Make America safe again? Seriously?
An entire night of the Republican National Convention was dedicated to this idea, but the real threat — the slaughter that has taken the lives of 7,633 people so far this year — was never mentioned.
No, America was not safe for Charles Kinsey, the North Miami group home counselor shot by police while trying to calm an autistic patient playing with a toy truck in the street.
Both a caller and the police in the North Miami shooting thought the little toy truck the autistic man was playing with was a gun.
Of course. Why wouldn’t they? There are more guns than people in our country, so it made sense to assume a Glock rather than a Hot Wheel, even when the counselor was lying on the ground with his hands in the air, yelling: “All he has is a toy truck in his hand. That’s all it is.” Kinsey, who survived the shooting, told the officers, “There is no need for guns.”
But how much do you want to bet this conversation will become about unlicensed toy trucks before it comes close to calling out our country’s insane love affair with guns.
Many Americans function like everyone around them is armed. And, statistically, that is not unreasonable.
When police shoot someone under questionable circumstances — Alton Sterling in Baton Rouge or Philando Castile in Falcon Heights, Minn. — we’ll talk about police training and racial tensions.
When police are shot to death in ambushes — as they have been this month in Dallas and Baton Rouge — we’ll talk about fallen heroes and the dangers of the job.
When an immigrant shoots someone, we’ll talk about securing our borders.
When a mentally ill person shoots someone, we’ll lament access to mental health treatment.
And so it goes for religious extremists, enraged husbands or wives, gang members and drug dealers who pull that trigger.
But when it comes to addressing America’s gun culture, too many of us are silent. We’ve given up on the idea that anything can be done, accepting a slow-motion massacre just as deadly as terrorist attacks by ISIS or Boko Haram in other parts of the world.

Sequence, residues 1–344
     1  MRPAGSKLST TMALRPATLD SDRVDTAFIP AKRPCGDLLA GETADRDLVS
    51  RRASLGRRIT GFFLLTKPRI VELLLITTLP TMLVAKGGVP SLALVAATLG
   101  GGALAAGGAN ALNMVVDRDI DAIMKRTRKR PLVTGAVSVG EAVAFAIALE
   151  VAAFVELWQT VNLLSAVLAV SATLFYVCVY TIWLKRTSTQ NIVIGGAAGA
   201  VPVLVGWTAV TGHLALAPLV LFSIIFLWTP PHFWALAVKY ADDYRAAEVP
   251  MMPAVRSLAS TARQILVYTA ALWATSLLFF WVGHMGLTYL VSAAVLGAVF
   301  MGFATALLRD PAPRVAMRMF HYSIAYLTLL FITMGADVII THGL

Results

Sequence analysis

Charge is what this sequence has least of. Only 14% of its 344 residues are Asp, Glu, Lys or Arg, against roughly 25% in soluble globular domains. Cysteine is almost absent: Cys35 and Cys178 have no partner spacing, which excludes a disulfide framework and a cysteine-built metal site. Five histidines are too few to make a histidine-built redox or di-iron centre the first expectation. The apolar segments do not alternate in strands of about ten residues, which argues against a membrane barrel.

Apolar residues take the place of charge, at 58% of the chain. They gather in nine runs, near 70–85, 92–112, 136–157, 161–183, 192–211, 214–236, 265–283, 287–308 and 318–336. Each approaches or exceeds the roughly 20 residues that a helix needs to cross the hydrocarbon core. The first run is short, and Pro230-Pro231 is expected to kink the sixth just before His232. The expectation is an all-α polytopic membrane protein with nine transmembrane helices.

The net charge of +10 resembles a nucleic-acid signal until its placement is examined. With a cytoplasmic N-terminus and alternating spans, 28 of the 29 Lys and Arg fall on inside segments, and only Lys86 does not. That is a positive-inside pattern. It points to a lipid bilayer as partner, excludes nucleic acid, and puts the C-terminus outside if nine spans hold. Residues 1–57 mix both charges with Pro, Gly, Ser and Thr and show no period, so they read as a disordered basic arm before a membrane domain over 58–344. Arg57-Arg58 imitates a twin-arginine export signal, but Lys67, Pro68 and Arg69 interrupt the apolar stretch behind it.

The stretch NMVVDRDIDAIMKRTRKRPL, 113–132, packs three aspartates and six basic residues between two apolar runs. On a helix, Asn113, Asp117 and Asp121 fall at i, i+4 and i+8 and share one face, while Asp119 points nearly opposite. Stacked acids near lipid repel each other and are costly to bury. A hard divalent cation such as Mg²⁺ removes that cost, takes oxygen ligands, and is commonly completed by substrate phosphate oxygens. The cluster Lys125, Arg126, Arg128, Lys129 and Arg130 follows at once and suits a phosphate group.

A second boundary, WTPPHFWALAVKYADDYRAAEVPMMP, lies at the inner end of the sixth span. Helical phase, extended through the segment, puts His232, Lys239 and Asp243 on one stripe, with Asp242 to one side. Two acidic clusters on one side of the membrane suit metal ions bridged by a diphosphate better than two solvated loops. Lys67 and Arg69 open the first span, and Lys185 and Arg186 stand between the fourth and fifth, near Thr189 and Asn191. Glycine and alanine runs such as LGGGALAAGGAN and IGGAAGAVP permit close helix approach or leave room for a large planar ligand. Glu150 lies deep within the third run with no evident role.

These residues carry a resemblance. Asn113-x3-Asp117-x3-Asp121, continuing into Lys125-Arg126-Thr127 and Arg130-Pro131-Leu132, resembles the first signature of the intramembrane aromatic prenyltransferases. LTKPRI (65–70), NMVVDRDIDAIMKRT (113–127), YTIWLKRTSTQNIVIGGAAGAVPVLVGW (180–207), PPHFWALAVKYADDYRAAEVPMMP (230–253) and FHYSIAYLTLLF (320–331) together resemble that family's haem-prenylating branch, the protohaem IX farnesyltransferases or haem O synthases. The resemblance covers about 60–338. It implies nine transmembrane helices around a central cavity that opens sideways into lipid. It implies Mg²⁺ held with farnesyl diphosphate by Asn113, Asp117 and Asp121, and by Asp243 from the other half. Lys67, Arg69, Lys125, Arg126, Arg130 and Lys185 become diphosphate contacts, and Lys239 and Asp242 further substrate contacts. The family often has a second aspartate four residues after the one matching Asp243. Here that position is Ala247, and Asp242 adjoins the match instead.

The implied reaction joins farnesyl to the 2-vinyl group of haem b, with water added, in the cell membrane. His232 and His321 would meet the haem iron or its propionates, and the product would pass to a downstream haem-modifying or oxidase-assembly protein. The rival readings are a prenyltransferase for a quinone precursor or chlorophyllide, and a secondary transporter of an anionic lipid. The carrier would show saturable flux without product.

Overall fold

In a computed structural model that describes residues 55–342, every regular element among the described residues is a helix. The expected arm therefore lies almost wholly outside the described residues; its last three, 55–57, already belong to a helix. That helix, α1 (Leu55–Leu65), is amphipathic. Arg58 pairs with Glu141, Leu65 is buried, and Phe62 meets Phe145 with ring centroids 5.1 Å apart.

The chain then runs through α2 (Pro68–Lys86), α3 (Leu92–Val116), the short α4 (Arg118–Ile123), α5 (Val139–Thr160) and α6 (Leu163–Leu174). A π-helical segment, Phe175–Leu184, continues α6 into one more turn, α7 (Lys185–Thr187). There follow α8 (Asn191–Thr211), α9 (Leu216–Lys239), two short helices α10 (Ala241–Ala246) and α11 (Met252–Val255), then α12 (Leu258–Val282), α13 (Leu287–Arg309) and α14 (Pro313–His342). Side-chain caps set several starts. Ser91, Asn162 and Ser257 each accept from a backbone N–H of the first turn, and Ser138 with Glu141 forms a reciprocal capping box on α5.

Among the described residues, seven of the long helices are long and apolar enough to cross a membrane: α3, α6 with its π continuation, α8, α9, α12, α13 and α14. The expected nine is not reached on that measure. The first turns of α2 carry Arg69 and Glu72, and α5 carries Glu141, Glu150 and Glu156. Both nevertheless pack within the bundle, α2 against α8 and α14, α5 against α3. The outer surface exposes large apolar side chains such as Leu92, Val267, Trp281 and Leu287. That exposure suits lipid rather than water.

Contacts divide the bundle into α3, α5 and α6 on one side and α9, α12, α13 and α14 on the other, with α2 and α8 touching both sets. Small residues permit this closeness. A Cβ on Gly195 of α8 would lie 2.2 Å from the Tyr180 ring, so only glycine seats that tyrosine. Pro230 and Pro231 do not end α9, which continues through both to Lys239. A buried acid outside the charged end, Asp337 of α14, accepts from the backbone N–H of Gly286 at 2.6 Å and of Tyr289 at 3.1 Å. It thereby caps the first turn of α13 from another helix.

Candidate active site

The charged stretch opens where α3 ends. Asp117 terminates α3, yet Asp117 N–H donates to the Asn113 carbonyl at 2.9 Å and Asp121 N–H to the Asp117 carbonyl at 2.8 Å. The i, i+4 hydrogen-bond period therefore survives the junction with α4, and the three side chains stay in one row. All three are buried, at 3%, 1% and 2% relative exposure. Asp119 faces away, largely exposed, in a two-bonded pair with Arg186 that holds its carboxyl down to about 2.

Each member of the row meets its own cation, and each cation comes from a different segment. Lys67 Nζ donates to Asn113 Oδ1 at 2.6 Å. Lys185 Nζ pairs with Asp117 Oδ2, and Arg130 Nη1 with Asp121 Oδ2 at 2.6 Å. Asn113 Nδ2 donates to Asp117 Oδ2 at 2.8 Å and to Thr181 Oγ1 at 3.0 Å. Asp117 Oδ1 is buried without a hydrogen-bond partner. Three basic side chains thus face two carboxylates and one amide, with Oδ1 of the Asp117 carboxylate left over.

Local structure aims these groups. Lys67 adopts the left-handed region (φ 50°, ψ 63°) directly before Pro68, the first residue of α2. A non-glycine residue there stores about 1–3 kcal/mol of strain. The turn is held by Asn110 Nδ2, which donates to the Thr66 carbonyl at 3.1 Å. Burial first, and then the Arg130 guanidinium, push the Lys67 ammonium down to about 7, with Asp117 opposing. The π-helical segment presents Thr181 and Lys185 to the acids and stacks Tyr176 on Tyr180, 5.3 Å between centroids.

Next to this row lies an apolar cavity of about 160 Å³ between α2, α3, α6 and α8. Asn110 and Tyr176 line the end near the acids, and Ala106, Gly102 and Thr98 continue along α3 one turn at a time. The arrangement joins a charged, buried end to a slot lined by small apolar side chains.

In 2014, acts of terrorism — from shootings to bombings to arson and beheadings — killed 32,658 people around the world, according to data compiled by the University of Maryland’s Center for the Study of Terrorism and Responses to Terrorism and cited by the Institute of Economics and Peace.
That same year here in our 50 states? We lost 12,591 people to gun violence, according to the Gun Violence Archive.
If you want to expand it to shootings — which range from a graze to a life-long, debilitating injury — 51,821 people were shot that year.
So yes, people’s lives are in danger, and we do need to make American safe again. But it’s not by fixating solely on terrorism.
Between 2001 and 2013, 3,030 people were killed in terrorist attacks on U.S. soil — a number that includes the terrible toll of Sept. 11, 2001, according to the University of Maryland data. But during that same time frame, records from the Centers for Disease Control and Prevention show that an astonishing 406,496 people were killed by gunfire.
Yet at Making America Safe Again night in Cleveland, no one talked about our nation’s stunning gun death toll. In an open-carry state, the Secret Service banned weapons from Quicken Loans Arena, where GOP delegates cheered Chris Cox, the National Rifle Association’s top lobbyist.
Cox argued that November’s election could mean that a young mother home with her baby won’t be able to get a gun to defend herself if an intruder bursts into her house.
Nothing in either party’s platform comes close to keeping a young mother from owning a gun.
Come to think of it, thanks to the inaction of Congress, anyone on the terrorism watch list can buy a gun. So can any felon, convict or suspect who wants to go on Craigslist. How can that Make America Safe Again?
Is that who we want to make America safe for?
How about the 406,496 in 13 years?
The 12,591 people killed in 2014?
The 7,633 killed so far this year?
Nope. The people in charge weren’t going to talk about making America safe for them.
More than 100 times since 2011, Congress failed to approve even the meekest of gun-control measures.
They wouldn’t act in 2012 after 20 first-graders at Sandy Hook Elementary School were slaughtered by Adam Lanza.
They wouldn’t act last month after Omar Mateen, who had been investigated by the FBI before he pledged allegiance to the Islamic State, killed 49 people and injured 53 others in an Orlando nightclub. It was the deadliest mass shooting in American history.
Even then, Congress refused to pass a bill that would keep guns out of the hands of people on America’s terrorist watch list.
Two nights after GOP delegates waved “Make America Safe Again” signs, Alonzo Jackson was pumping gas at a Capitol Heights station, not too far from the Capitol. Police said a gunman shot the 68-year-old dead and stole his car.
How about making America safe for people like him?
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